Chapter 11. Statement of Cash Flows. Part A. Formatting the Statement of Cash Flows. Statement of Cash Flows. Provides a summary of cash inflows and cash outflows during the reporting period. Statement of Cash Flows (continued). LO1 Classification of Cash Flows. Categories of Cash Flows.
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Chapter 11 Statement of Cash Flows
Part A Formatting the Statement of Cash Flows
Statement of Cash Flows Provides a summary of cash inflows and cash outflows during the reporting period
LO1 Classification of Cash Flows Categories of Cash Flows Operating activities Investing activities Financing activities Include cash receipts and cash payments for transactions relating to revenue and expense activities Include cash transactions involving the purchase and sale of long-term assets and current investments Inflows and outflows of cash resulting from the external financing of a business
Reporting Noncash Activities • Transactions that don’t increase or decrease cash • Excluded from the statement of cash flows • Reported in a separate note to the financial statements as noncash activities Examples: Purchase of long-term assets by issuing debt Purchase of long-term assets by issuing stock Conversion of bonds payable into common stock. Exchange of long-term assets
Begin with net income and then list adjustments to net income in order to arrive at operating cash flows. More popular method. Easier and less costly. Adjust the items on the income statement to directly show the cash inflows and outflows from operations. Conceptually better method. More difficult and more costly. Operating Activities – Indirect and Direct Methods • Differ only in the presentation format for operating activities. • We report investing, financing, and noncash activities identically under both methods. Indirect Method Direct Method
Part B Preparing the Statement of Cash Flows
Illustration The income statement, balance sheets, and additional information for E-Games, Inc., are provided in the following Illustration. We will use this information in preparing the statement of cash flows following the four basic steps.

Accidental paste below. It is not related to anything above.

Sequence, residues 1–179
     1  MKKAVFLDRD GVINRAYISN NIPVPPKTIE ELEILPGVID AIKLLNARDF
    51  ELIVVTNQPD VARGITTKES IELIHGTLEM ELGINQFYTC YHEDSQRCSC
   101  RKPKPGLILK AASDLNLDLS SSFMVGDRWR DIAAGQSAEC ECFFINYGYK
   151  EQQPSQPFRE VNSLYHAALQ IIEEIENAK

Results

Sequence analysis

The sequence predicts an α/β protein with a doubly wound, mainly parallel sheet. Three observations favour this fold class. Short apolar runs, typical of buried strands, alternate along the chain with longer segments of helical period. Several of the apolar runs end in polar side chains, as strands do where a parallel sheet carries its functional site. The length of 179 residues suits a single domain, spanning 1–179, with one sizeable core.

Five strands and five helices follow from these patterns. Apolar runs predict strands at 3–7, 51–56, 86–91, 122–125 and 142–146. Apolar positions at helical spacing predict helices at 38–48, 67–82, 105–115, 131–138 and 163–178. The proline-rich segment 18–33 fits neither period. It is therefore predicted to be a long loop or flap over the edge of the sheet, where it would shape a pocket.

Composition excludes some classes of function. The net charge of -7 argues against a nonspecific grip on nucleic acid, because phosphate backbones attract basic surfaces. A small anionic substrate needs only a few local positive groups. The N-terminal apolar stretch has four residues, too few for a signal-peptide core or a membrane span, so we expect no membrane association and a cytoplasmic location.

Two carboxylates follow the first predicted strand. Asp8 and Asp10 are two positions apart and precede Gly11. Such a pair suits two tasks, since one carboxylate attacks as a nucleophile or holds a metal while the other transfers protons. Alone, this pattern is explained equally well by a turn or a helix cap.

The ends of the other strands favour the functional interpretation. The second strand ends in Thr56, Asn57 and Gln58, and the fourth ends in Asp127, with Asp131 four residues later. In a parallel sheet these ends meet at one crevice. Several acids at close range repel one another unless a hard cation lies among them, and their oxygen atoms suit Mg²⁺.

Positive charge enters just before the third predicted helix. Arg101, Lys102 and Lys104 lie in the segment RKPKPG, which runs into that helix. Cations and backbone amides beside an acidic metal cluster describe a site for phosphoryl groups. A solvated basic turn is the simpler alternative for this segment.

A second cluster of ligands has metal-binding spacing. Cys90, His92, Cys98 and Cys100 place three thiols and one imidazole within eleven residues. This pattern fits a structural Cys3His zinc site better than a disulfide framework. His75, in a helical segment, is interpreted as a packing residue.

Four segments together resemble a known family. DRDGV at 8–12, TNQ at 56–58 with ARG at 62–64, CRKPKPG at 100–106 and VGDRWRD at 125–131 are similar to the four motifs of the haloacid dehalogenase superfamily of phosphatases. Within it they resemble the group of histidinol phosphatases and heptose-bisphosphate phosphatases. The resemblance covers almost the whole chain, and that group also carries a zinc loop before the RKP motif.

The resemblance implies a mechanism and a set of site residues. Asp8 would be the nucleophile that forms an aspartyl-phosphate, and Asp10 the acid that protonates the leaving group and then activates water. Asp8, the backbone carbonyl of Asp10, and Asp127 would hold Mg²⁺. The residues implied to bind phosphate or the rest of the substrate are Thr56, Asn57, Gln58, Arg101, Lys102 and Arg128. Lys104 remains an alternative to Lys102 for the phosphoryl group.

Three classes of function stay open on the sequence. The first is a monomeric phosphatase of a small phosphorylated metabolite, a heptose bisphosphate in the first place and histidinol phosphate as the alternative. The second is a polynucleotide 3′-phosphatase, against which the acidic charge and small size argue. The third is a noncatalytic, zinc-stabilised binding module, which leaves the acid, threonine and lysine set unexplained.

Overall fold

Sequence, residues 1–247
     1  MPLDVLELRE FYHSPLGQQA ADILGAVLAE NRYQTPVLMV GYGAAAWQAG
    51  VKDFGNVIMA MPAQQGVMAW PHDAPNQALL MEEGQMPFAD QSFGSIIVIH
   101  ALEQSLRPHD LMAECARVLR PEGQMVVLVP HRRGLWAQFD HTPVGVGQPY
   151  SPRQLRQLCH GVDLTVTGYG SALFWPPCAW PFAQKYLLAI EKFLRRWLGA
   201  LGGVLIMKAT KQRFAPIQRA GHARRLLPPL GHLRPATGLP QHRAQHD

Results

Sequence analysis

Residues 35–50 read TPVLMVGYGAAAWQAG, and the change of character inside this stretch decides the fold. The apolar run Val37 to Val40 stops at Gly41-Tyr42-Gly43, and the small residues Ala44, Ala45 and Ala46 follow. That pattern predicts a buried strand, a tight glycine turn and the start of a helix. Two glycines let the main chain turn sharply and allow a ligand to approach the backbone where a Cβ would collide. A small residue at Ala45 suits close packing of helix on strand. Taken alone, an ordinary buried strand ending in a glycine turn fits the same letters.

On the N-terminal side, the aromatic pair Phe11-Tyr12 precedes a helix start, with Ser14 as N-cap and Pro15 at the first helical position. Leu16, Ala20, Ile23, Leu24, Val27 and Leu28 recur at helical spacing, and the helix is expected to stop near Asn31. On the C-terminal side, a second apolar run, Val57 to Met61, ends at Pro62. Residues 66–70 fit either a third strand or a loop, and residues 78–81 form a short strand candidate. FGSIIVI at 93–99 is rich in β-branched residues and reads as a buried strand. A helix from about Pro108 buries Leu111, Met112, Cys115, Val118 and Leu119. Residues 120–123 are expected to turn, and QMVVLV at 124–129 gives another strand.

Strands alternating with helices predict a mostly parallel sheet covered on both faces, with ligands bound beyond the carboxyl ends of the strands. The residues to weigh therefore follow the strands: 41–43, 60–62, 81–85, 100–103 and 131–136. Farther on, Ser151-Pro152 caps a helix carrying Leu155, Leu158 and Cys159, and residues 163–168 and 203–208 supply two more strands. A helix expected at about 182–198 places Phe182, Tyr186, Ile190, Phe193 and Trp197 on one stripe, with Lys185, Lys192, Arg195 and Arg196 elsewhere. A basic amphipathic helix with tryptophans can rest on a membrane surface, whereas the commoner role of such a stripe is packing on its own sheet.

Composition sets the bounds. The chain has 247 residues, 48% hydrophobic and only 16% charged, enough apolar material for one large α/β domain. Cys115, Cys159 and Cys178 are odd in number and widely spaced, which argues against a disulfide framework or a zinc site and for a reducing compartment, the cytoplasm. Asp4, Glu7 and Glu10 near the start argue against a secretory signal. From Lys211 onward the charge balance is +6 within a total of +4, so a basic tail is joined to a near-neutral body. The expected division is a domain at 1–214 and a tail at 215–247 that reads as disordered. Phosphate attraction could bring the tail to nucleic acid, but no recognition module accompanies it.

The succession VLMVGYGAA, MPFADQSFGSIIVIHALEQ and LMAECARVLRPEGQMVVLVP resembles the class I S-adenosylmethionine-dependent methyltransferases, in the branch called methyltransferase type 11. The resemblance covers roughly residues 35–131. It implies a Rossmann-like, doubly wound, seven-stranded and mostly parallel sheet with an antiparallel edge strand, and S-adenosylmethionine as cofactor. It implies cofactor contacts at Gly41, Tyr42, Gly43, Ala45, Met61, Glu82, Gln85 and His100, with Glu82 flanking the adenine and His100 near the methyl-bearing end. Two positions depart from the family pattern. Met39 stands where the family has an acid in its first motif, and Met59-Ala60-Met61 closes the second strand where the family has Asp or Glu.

Illustration (continued) • Additional Information for 2010: • Purchased stock in Intendo Corporation for $35,000. • Sold land originally costing $10,000 for $6,000, resulting in a $4,000 loss on sale of land. • Purchased $20,000 in equipment by issuing a $20,000 note payable due in three years. No cash was exchanged in the transaction. • Issued common stock for $5,000 cash. • Declared and paid a cash dividend of $12,000.
LO2 Operating Activities – Indirect Method • Both net income and cash flows from operating activities represent the same operating activities. • The income statement reports net income on an accrual basis. On the other hand, the statement of cash flows reports the very same activities on a cash basis. • We remove the noncash components from net income so that what’s left is cash flows from operating activities. • We can classify the noncash components as: • revenues and expenses that don’t affect cash at all (adjustments for noncash components of net income). • revenues and expenses that do affect cash, but not by the amount reported as the revenue or expense (adjustments for changes in current assets and current liabilities).
Adjustments for noncash components of net income Depreciation Expense and Loss on Sale of Land Add back Depreciation Expense and Loss on Sale of Land which was earlier subtracted from the net income.
Adjustments for Changes in Current Assets and Current Liabilities Increase in Accounts Receivable (Increase in a current asset) Subtract
Adjustments for Changes in Current Assets and Current Liabilities Decrease in Inventory (Decrease in a Current Asset) Add Back
Adjustments for Changes in Current Assets and Current Liabilities Decrease in Accounts Payable (Decrease in a Current Liability) Subtract
Adjustments for Changes in Current Assets and Current Liabilities Increase in Interest Payable (Increase in a Current Liability) Add Back
LO3 Investing Activities Cash Outflow Cash Inflow Noncash activity disclosed in the footnote
LO3 Financing Activities Cash Inflow Cash Outflow Retained earnings, beg. Balance $41,000 + Net income 42,000 – Dividends (12,000) Retained earnings, ending balance $71,000
LO4 Cash Flow Analysis Analysis based on net cash flows from operating activities (CFFO)
Cash Return on Assets Return on Assets Cash Return on Assets is higher than the Return on Assets Cash Return on Assets
Appendix Operating Activities-Direct Method
LO5 Operating Activities-Direct Method • We report the cash inflows and cash outflows directly on the statement of cash flows. For instance, we report cash received from customers as the cash effect of sales activities, and cash paid to suppliers as the cash effect of cost of goods sold. • Income statement items that have no cash effect—such as depreciation expense or gains and losses on the sale of assets—are simply not reported under the direct method.
Operating Activities-Direct Method Cash Received from Customers
Operating Activities-Direct Method Cash Paid to Suppliers Inventory Accounts Payable
Operating Activities-Direct Method Cash Paid to Suppliers
Operating Activities-Direct Method Depreciation Expense and Loss on Sale of Land Not reported on the statement of cash flows
Operating Activities-Direct Method Cash Paid for Interest
Operating Activities-Direct Method Cash Paid for Income Taxes